LENTEN BLOG #18
For about ten years, I was faithful to one running partner.
Misty, a Labrador/Chow mix arrived on my Washington, DC doorstep one snowy day in the middle of February. I took her to the veterinarian, placed signs around the neighborhood and called the local Humane Society to find out if anyone had lost a black puppy about 4 months old. After receiving no response, Misty had found her home. As she grew, we covered many miles as best friends and running partners.
Over the years, we ran through Rock Creek Park, circled numerous neighborhoods, and maneuvered the National Mall and DC’s bustling 16th street. We dodged bikes, crossed busy streets and waved at fellow runners.
It was our time. My time to exhale from the day. Misty’s time to listen. Running has a way of adjusting the focus of life’s lens, making the world seem more crisp, more profound, more accessible.
Some days Misty would squeeze sprints in as she dashed after squirrels or chipmunks. She ran with a purpose and always pushed me (or pulled me) to keep up. Although her sniffing breaks broke our stride, Misty and I were never aiming to set our PR together.
We just ran, because running brings a healthy void. A place where our mental oversized baggage (which never fits in the overhead bin) somehow becomes lighter with each step.
When I was expecting our daughter, I was initially hesitant to run with such precious cargo, but after reading about the benefits of exercise during pregnancy, I knew running would continue to be a priority in my life. So for six months, our baby, Misty and I enjoyed running together. As my energy waned and stomach grew, our runs turned to walks.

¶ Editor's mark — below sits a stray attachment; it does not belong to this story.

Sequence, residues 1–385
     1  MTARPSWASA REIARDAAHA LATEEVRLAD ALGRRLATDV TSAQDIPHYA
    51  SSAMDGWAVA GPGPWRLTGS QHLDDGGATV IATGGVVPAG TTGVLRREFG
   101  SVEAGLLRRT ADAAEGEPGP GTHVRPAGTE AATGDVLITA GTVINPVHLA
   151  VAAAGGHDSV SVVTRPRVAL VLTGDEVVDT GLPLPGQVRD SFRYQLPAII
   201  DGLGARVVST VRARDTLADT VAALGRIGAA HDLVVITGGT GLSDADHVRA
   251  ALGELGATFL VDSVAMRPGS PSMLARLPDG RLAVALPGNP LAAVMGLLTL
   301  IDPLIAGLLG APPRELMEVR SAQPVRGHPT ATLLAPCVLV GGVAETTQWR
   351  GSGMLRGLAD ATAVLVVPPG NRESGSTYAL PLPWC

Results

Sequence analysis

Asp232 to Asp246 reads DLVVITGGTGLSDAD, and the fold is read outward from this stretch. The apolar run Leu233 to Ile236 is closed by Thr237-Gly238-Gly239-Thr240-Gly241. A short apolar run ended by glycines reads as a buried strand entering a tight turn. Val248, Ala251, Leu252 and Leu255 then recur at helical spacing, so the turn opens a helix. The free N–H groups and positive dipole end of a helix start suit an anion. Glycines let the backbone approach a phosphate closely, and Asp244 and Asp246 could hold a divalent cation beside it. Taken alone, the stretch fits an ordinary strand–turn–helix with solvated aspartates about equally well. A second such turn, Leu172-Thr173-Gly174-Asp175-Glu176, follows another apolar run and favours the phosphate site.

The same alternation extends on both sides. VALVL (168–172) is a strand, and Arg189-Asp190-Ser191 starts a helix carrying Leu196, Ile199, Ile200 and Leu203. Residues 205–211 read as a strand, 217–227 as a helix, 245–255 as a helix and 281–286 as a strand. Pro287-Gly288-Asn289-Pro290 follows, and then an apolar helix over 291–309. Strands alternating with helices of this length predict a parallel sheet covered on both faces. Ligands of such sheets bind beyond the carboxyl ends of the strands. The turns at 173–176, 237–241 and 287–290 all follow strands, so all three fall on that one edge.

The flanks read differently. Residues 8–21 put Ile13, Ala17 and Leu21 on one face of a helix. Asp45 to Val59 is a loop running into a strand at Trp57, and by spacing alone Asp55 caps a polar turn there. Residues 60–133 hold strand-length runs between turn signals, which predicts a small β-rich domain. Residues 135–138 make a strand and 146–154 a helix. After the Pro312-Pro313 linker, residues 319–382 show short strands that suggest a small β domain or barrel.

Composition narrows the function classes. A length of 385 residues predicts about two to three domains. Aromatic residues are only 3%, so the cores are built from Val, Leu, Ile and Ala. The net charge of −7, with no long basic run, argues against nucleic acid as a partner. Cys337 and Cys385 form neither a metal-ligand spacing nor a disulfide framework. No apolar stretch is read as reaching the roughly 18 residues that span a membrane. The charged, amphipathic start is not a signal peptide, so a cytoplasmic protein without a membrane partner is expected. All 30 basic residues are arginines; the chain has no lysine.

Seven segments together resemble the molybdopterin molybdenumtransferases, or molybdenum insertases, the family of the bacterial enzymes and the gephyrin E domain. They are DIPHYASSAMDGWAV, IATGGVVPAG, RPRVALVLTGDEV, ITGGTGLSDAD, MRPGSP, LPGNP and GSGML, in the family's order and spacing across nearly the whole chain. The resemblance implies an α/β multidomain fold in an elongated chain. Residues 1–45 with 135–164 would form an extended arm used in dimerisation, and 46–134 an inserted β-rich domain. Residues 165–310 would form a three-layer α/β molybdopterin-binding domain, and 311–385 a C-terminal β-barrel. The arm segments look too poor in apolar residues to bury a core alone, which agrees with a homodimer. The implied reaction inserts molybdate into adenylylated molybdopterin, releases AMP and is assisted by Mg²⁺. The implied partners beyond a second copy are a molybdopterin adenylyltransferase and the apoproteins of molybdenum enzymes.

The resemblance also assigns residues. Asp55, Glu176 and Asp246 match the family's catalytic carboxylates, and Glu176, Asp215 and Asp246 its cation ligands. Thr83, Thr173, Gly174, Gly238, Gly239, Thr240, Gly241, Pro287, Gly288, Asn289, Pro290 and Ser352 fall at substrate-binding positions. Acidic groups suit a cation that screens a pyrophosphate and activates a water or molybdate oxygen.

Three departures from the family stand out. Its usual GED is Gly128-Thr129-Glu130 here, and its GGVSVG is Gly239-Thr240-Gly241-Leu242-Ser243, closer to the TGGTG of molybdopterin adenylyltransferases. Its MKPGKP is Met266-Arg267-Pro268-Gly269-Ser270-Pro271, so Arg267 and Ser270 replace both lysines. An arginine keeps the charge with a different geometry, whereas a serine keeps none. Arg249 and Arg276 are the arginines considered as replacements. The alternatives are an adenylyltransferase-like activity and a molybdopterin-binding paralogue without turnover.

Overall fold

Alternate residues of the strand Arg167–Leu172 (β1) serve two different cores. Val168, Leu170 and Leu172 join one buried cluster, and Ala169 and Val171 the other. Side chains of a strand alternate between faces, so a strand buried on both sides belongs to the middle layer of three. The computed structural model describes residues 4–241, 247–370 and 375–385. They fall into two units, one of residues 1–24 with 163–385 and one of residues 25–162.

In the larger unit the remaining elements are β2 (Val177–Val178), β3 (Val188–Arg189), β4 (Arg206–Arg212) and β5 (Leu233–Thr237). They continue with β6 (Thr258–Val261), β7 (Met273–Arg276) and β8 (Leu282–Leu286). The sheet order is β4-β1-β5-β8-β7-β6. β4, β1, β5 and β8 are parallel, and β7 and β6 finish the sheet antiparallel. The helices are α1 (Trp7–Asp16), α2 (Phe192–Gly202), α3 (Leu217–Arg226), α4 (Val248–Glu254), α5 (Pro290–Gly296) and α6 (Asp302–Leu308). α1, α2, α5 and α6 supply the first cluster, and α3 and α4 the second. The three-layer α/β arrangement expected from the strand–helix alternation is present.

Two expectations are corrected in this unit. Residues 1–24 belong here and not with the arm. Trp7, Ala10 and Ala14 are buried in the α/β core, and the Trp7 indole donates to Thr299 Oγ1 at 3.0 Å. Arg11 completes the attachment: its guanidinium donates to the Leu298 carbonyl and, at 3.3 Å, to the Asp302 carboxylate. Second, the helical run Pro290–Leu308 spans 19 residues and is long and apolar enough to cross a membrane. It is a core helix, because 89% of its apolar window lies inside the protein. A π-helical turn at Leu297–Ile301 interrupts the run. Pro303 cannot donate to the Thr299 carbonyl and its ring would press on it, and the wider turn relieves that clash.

Then I became a mom. A mom to a beautiful, loving baby. When she smiled her eyes twinkled, nose wrinkled and chin dimpled. “She’s going to be a runner,” I thought. She’d have a good laugh at that today.
I continued to run. Misty and I ran on Saturdays when she would stop to sniff a mystery spot or sprint towards a squirrel. My daughter and I ran at home, kind of. I ran on the treadmill while she rested in her crib or sat in her bouncy chair. She watched her musical mobile, which I managed to keep going, by jumping off the treadmill every 4 minutes or so to rewind it.
I said it was a long time ago.
Since then, my husband slows his pace and joins me for a run and at least one of our boys runs the traditional Thanksgiving 5K or 10K with me. Our sweet dogs have found their “inner Misty” as I call it and they pull me along on runs as well. My daughter, now a strong swimmer, makes amazing signs, cheers us on, and laughs way too hard when I ask her to run with me.
Misty has been gone for years now and I miss her dearly. But I’ve never stopped running and pray I’ll always have the drive, strength, knees and sweet Misty memories to help me RUN ON.